SBC Life Articles

Flashing Red Lights

The children begged for a hamster, and after the usual fervent vows that they alone would care for it, they got one. They named the hamster Danny. Two months later, when Mom found herself responsible for cleaning and feeding the creature, she located a prospective new home for Danny the hamster. When she told the children the news of Danny's imminent departure, they took the news quite well, which somewhat surprised her, though they did offer some comments. One of the children did remark, "He's been around here a long time – we will miss him."

Mom agreed saying, "Yes, but he's too much work for one person, and since I'm that one person, I say he goes." Another child offered, "Well, maybe if he wouldn't eat so much and wouldn't be so messy, we could keep him." But Mom was firm. "It's time to take Danny to his new home now," she insisted. "Go and get his cage."

With one voice and in tearful outrage the children shouted, "Danny? We thought you said, 'Daddy!'"

Have you ever assumed you knew what people were talking about and later realized you didn't have a clue?

Assumption is the lowest form of knowledge. It is not the things that we don't know, it's the things that we think we know that aren't true that get us into trouble.

As a college professor I taught a marriage and family class. A question on a quiz was: "________________ is the lowest form of knowledge." I wanted the students to answer "assumption." One football player filled in the blank, "My brain is the lowest form of knowledge." I had to give him credit.

Larry Michael tells of taking his five-year-old daughter to see the movie E.T. During the scene in which E.T. appears to die, Larry heard his daughter sniffling – like many in the theater – and he leaned over and asked, "Are you sad because E.T. died?" She replied, "No, my foot is caught in the seat." He made the assumption based on his feelings, not hers.

You have probably heard of the student pilot who was preparing for a lesson. As he waited on the runway, a man jumped in and said, "Take off over the south, come back over the mountains, and then go back to the south again." The student took off and the passenger began to take pictures. The student asked, "Do you always take pictures while giving flying lessons?" "Flying lessons? I'm the photographer for the newspaper." "You're not my flying instructor?" "No!" to which the student replied, "Then you probably don't know why these red lights are flashing."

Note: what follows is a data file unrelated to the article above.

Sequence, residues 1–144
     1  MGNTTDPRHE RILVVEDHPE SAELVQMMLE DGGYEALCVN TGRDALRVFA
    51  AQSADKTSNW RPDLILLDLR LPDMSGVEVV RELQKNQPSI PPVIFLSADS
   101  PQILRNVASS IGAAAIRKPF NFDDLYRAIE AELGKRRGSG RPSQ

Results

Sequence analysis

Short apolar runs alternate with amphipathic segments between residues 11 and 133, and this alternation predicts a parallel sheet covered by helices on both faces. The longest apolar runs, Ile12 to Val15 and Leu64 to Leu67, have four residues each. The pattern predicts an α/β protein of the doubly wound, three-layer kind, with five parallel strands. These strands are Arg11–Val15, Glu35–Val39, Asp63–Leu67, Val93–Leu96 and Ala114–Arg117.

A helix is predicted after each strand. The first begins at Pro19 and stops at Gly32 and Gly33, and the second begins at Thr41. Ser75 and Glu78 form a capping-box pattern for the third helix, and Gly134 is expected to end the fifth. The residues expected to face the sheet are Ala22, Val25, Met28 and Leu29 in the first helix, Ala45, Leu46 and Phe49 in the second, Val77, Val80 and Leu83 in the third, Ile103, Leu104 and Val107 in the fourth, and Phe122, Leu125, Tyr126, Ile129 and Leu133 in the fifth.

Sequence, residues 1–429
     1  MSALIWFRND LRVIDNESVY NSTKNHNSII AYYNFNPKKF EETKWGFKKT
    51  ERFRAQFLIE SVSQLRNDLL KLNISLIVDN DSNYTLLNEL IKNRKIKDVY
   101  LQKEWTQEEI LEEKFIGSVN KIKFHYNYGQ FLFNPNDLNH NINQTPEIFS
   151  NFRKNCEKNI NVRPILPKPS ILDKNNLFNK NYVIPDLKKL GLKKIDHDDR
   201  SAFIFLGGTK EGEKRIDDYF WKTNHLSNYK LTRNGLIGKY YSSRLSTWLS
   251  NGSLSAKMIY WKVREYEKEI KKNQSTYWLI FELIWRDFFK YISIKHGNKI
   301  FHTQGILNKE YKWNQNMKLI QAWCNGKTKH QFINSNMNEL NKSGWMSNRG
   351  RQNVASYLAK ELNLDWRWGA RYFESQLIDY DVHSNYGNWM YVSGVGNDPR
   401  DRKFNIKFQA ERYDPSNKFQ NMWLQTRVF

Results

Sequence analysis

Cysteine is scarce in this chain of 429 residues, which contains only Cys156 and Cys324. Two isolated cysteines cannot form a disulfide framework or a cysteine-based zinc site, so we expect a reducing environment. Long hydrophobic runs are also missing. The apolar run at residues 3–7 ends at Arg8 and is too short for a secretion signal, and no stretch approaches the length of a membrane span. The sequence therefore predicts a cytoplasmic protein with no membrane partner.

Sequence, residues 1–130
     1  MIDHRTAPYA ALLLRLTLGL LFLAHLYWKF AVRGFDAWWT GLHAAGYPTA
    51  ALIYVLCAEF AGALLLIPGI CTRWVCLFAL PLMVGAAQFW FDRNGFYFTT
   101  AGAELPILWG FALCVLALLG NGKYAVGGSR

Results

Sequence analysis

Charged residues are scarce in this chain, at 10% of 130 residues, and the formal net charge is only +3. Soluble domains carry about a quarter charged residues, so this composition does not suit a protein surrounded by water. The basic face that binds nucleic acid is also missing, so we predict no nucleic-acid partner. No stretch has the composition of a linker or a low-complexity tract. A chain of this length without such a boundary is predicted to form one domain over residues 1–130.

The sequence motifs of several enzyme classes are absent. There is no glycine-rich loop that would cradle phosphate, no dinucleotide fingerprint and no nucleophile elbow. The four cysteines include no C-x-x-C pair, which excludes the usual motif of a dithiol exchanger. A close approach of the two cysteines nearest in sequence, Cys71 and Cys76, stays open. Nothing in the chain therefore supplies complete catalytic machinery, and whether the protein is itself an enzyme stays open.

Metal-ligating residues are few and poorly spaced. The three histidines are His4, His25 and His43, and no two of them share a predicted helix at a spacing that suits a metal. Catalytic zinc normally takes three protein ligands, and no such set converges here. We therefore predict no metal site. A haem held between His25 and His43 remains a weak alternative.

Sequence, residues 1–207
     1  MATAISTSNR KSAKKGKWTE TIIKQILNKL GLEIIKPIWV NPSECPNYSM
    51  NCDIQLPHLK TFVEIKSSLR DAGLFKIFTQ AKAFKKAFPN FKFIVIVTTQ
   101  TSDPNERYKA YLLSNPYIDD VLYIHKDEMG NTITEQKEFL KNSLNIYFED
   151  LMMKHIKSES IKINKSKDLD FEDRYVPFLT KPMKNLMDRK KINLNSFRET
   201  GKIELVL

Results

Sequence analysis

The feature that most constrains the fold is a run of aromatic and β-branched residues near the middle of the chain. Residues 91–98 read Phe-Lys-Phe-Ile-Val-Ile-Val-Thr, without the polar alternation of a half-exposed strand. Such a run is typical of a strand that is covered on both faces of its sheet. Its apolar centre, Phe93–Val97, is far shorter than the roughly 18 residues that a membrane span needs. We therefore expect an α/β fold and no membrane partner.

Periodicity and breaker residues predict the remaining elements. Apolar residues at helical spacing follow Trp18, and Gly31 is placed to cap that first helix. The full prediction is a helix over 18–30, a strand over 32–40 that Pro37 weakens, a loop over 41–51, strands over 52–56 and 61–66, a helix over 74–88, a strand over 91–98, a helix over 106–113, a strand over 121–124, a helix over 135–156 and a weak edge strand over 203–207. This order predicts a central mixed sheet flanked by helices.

I loved the old Pink Panther movies. It is like the Three Stooges with just one stooge. When the elevator door opens, Peter Sellers gets on with a man with a Doberman. He looks at the dog and asks the man if the Doberman bites, and the man replies, "No." About three floors later the dog bites Peter Sellers. He yells, "I thought you said your dog doesn't bite." He says, "It's not my dog." Assumption is like a flashing red light warning you that life is about to bite you.

A woman wanted to impress her friends by inviting them to dinner. She hired a maid, a butler, and a chef. She purchased the best cut of steak and the best mushrooms to accompany them. When the chef noticed that the mushrooms were a bit discolored, the lady suggested he feed them to the dog since the hour was late. "If the dog eats them and doesn't get sick, they are probably fine."

The dog eagerly consumed the mushrooms and showed no signs of ill effects, so the chef completed the meal and served it to the guests. Later, as the dessert was being served, the maid hurried in and whispered to the lady, "Ma'am, the dog is dead." Not waiting to hear any more, she leapt to her feet and told the guests that they had no time to lose! They had eaten tainted mushrooms and must rush to the hospital immediately! Later that evening, after she and her guests had returned from having their stomachs pumped, she asked the maid, "Where is the dog?" "Out in the front yard, Ma'am," replied the maid, "where he crawled after the car hit him."

Assumptions lead to incorrect conclusions which can result in harsh consequences. The old saying, "I know you believe you understand what you think I said, but you don't realize that what you heard is not what I meant," applies to most of our communication.

Now, for the practical application. This Valentine's Day ask your wife what her favorite food is. Then take her to the best restaurant which serves that food. "Ask and you shall receive." Assume that she wants to cook your favorite food at home and you might have to have your stomach pumped.

P.S. Her favorite flower is not Pillsbury All-Purpose.

    About the Author

  • Charles Lowery